It’s easy to sit back and think you can’t do a thing to change the current state of affairs, but the fact is, you CAN make a difference. You can demand something better -- food that is still food, grown the way nature intended.

First and foremost, you can vote with your pocketbook by avoiding everything that contains GM ingredients, and ask your local supermarket to stock their shelves with more natural organic foods. Some supermarkets will even allow you to special order food items.

And don’t forget about your elected officials. Let them know how you feel about it, and what kind of policies you’re willing to support.

People in certain professions can play a significant role to advance this cause as well:
Chefs, restaurants and food companies can switch to non-GM sources
Retailers can remove or label GM products or offer in-store Non-GMO Shopping Guides
Religious leaders can help to educate their congregation
Health practitioners can provide patient education materials
Those in the education world can help make school cafeterias GM-free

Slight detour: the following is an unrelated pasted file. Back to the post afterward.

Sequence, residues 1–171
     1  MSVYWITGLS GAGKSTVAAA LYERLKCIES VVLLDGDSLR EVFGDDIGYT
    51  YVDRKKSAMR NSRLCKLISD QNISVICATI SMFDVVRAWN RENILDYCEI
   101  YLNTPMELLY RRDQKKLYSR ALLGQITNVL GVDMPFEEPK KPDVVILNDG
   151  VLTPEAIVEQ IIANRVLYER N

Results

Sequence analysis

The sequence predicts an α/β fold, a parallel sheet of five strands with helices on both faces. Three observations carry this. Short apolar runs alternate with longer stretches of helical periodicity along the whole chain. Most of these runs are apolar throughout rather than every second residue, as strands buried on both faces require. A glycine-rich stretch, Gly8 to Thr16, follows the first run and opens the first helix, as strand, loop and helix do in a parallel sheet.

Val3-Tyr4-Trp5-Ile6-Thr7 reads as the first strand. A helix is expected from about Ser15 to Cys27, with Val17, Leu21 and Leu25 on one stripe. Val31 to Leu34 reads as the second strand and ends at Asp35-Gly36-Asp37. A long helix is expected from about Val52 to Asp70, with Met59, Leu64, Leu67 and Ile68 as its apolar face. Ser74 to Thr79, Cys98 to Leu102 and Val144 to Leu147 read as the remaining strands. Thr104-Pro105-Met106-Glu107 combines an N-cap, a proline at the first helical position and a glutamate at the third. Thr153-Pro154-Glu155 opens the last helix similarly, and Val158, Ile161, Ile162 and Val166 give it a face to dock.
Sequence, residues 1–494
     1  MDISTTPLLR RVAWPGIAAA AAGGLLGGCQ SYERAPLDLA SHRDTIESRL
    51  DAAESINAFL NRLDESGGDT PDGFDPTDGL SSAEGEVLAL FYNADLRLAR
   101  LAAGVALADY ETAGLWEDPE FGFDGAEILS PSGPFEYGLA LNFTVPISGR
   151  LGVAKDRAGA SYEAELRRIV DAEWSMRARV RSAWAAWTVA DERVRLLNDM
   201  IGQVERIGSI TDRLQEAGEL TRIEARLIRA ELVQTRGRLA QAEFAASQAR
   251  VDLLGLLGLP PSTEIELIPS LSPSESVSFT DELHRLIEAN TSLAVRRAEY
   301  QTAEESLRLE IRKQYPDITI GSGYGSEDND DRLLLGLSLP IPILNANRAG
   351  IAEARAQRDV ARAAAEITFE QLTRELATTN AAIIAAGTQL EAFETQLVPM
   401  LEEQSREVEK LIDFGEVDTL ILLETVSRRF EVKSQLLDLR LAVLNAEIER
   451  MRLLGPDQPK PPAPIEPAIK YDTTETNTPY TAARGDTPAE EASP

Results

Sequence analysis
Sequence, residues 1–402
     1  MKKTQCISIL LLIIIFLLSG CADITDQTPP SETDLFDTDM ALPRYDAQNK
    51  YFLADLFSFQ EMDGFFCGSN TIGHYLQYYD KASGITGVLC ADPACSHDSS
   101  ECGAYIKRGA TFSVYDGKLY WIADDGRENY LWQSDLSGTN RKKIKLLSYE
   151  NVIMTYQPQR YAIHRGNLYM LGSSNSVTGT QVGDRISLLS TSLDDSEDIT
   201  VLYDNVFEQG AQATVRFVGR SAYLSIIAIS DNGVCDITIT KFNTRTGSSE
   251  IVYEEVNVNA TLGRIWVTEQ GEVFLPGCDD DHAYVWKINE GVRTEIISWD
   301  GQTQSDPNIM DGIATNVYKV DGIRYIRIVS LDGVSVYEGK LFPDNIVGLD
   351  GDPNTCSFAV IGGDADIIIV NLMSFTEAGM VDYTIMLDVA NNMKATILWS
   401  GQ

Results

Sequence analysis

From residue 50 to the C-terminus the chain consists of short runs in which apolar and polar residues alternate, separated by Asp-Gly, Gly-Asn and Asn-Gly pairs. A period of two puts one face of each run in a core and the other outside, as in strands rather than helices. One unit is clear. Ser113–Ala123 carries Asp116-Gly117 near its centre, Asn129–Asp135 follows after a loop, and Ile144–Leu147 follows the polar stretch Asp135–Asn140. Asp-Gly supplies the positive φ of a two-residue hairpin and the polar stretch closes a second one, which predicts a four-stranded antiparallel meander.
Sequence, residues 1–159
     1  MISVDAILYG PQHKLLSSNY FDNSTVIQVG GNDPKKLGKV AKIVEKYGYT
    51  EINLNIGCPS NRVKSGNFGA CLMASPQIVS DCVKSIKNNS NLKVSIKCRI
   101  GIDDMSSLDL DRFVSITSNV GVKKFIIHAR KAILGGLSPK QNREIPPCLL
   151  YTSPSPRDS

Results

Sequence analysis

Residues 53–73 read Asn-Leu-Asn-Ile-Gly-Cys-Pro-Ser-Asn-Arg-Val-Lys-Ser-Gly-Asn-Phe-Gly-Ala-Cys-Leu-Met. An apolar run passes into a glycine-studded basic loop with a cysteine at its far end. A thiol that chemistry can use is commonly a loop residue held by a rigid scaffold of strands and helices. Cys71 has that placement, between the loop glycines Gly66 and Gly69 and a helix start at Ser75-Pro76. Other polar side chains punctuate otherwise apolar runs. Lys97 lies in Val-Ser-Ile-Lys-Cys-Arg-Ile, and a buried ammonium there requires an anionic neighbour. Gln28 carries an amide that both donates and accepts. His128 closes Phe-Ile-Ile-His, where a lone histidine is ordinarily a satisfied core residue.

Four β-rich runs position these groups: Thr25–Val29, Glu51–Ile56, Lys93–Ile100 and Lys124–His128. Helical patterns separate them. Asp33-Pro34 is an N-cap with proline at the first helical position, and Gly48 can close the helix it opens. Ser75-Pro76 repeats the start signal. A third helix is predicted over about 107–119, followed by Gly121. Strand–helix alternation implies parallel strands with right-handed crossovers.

Reporters can expose the health risks
To get an idea of just how widespread GM ingredients are, I recommend taking a look at The GMO Food Guide. It lists 20 different food categories that include everything from baby food to chocolate.

And the incredible series Seeds of Doubt, written by staffers at the Sacramento Bee, can offer further guidance to fully understand the many problems associated with GM foods.

Monday, June 8, 2009

EC accepts Polish GMO regulations - 29.05.2009 12:48

Polish farmers will have the right to block genetically modified foods, commonly known as GMOs, as Brussels has agreed to a proposal put forth by the Polish government after 8 years of conflict on the issue.

One of Poland’s toughest negotiation points with the European Commission, before the 2007 elections, Civic Platform promised to make Poland a GMO-free zone, a promise supported by 66 percent of the population at the time.

However, the Polish government is not allowed to singularly ban GMOs from its territory without inciting reaction from the European Commission. European Union agricultural policy says that plants previously permissible on the single market (such as MON810 corn from the American concern Monsanto) can be grown on the terrain of the entire EU.

As such, the Polish government has been working to ban genetically modified foods from the bottom up by encouraging farmers to create ‘goodwill declarations’ that maintain that their fields will remain free of GMOs.

“A zone free from the growing of genetically modified plants creates an area of neighbouring parcels. Such a zone will create a group of farmers who, at their own iniciative [ban GMOs],” states the government’s proposal.